I haven’t had much positive to say lately, because I’ve witnessed some not nice things happen in this community recently, and I’m not sure why, but it’s tiresome and actually rather boring. And so, I’ve been keeping my nose down, mouth shut, and occupying myself with things at home, like dying shit with RIT because I’m tired of brown sheets and white sweaters. I’ve also learned that Coppertone Gradual Tan Self-Tanner aerosol spray smells a lot like weed and requires a ton of incense to make your bathroom smell relatively decent again.

I’m still fat. I’m suffering a horrible bout of migraines — nearly a week now –, with hot spiders of red fire crawling up my left temporal lobe every day. I’ve still got an ulcer. My family still hates me. We’ve found a place to live. We are still getting a puppy. The leaves have bloomed and my moods have settled. I take Ambien now, and I fall asleep in record time, despite any midnight anxieties that may try to plague me, begging me to assauge them with Forensic File marathons and Peanut Butter and Jelly sandwiches.

I have read a lot this spring, finishing the very triggering Madness: A Bipolar Life, by Marya Hornbacher. I use the word triggering in it’s actual sense, meaning that it Triggered me into Actual HypoManic Episodes, and I spent a lot, and couldn’t sleep, and spoke quickly and had grand ideas about writing books and stories, and then crashed into cranky, ornery moods. I don’t use Triggering in the invented sense, that people toss around easily and callously. Her books is a much better picture into the mind of the manic than is Unquiet Mind, the famous, yet more academic, tome of bipolar disorder. I don’t suffer the same as Hornbacher, but her writing is staccato and sharp and speaks the language of madness just right. I’ve read some Augusten Burroughs this spring as well, and his childlike style of writing is fun and gregarious. It’s been a good escape into others’ insanity, this reading.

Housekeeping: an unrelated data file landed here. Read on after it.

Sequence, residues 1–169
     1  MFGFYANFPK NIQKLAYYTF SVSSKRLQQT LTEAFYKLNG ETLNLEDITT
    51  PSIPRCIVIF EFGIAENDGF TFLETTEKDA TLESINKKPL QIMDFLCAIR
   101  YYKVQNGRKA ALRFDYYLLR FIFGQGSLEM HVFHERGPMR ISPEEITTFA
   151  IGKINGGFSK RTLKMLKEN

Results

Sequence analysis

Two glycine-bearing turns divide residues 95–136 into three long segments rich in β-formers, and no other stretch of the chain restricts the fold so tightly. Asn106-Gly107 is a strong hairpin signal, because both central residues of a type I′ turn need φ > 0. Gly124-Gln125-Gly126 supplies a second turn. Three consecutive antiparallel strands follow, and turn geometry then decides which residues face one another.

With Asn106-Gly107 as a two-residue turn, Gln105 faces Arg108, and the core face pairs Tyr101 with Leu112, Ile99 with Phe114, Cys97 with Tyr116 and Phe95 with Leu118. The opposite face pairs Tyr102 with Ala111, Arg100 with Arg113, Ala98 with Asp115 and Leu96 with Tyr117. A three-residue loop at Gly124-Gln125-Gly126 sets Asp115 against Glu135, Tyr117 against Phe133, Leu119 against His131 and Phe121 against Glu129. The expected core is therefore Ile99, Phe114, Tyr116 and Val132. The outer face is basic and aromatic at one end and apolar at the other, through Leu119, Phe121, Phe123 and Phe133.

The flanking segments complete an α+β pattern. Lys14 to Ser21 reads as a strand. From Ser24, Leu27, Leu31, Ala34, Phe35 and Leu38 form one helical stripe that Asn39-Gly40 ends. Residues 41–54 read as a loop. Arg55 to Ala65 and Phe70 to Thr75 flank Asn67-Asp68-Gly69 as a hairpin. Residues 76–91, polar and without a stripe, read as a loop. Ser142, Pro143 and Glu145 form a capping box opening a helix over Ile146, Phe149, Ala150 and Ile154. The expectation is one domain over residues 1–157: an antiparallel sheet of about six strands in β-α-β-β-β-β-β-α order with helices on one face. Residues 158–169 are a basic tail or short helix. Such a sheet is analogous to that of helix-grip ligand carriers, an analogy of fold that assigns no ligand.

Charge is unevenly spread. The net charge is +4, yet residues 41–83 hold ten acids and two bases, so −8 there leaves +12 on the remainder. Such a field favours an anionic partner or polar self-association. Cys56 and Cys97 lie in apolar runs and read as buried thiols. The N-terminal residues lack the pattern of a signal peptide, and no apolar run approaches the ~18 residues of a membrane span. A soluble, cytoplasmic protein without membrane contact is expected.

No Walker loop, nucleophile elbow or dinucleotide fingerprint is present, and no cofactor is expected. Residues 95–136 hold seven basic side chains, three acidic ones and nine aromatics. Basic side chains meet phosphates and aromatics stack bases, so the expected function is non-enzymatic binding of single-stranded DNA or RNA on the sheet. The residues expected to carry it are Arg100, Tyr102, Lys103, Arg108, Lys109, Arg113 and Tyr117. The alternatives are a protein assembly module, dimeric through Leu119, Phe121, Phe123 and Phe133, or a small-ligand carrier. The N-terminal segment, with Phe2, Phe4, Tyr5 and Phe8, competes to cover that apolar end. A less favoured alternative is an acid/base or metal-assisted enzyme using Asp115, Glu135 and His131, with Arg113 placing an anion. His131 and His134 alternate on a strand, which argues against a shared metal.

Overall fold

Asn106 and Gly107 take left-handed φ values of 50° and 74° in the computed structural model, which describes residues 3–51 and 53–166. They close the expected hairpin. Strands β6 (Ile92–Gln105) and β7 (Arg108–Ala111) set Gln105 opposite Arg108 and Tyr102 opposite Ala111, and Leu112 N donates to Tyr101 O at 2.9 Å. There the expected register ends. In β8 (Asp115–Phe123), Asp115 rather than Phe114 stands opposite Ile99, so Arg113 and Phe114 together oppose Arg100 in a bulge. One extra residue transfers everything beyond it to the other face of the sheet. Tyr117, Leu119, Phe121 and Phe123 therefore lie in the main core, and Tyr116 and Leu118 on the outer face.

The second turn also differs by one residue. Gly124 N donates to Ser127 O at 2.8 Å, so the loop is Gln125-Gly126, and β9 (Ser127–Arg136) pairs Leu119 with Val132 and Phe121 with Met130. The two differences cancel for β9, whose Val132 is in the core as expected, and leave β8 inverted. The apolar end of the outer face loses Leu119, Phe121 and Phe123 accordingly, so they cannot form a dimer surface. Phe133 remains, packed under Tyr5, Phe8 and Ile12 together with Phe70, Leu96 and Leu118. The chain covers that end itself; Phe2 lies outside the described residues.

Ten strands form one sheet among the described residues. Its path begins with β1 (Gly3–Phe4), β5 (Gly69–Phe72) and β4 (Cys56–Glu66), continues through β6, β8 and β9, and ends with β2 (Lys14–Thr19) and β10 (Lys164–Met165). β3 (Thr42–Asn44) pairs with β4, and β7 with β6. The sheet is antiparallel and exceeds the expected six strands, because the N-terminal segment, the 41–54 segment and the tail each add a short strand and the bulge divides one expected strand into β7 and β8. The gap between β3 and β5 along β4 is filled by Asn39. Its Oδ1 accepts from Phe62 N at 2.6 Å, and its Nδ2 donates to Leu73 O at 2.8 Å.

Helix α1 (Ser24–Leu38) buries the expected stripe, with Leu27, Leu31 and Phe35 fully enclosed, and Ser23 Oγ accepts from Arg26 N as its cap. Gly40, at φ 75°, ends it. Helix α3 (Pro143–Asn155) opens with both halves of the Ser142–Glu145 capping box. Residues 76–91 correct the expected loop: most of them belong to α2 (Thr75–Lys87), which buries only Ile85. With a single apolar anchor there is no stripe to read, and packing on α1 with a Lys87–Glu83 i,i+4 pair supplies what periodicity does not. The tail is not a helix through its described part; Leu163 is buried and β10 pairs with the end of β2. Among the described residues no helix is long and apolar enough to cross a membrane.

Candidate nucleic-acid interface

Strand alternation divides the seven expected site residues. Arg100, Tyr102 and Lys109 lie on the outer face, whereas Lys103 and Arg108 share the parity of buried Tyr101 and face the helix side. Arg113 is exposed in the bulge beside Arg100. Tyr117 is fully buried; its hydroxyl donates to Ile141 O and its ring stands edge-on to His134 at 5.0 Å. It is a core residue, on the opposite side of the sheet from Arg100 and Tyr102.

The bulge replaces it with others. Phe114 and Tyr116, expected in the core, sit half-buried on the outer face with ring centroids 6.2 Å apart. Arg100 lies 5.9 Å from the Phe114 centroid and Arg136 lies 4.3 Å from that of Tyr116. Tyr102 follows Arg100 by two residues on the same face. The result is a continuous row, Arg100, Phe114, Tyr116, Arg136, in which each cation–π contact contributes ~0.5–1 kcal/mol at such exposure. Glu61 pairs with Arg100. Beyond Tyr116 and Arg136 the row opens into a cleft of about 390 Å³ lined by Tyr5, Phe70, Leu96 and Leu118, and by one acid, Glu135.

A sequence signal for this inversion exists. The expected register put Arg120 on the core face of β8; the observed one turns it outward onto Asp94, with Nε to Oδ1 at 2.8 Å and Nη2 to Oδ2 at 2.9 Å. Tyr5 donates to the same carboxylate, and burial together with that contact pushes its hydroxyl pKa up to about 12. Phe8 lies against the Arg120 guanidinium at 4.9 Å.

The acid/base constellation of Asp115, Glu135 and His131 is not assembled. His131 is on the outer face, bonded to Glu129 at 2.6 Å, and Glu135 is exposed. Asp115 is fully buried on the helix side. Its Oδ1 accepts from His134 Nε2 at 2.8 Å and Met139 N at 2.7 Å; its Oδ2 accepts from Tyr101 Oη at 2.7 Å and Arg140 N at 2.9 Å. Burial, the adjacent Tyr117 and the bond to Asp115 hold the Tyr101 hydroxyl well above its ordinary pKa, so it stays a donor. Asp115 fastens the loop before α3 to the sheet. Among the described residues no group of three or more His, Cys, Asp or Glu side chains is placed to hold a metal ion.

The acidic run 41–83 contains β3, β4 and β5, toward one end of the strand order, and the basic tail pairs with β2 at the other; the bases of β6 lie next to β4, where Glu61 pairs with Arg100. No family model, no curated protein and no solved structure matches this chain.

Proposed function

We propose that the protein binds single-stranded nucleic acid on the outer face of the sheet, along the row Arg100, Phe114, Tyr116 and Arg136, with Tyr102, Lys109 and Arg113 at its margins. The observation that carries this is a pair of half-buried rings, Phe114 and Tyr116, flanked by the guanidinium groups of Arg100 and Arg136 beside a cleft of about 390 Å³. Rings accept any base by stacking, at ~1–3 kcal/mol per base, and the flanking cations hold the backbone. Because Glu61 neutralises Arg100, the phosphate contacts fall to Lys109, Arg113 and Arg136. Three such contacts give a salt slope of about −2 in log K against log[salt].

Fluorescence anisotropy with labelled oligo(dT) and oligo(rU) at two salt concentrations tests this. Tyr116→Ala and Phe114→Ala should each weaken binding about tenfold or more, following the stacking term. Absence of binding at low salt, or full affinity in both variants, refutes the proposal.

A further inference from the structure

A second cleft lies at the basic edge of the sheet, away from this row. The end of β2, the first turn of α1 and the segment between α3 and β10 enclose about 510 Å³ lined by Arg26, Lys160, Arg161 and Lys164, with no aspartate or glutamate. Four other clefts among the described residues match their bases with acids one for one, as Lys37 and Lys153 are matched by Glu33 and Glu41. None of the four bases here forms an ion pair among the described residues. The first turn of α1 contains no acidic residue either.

I’m anxiously awaiting the thunderstorms to come, and release some of the pressure in my brain, the eventual clash of spring and summer meeting. Every night I will one to come, a big one, so I can lay huddled in the bed with N and the cats and pull the sheets tight up to my eyes and shriek when the lightning flashes, knowing a loud crack of thunder will peal shortly after. The best thunderstorms happen in the afternoons, a momentary daylight midnight, when you can smell the change in energy. I like to stand in the wind and let my hair whip around me and watch the leaves change colors, the whites exposed like fish bellies on trees.

But for now I content myself with sticking my hands deep in the soil of repotted tomato plants and running my hand over lavender and peppermint herbs, and telling them both they’ll live a long and happy life, just like me.



  1. Bri said,

    May 14, 2008 at 11:02 pm

    I was wondering where you had got to. I was starting to worry. I am glad to hear you are pretty much ok, if not totally ok.

  2. Jana said,

    May 15, 2008 at 2:34 pm

    Also glad to see you back– although I don’t technically know you, I have bookmarked your blog and was also starting to worry. Here’s hoping for more sleep and fewer migraines!

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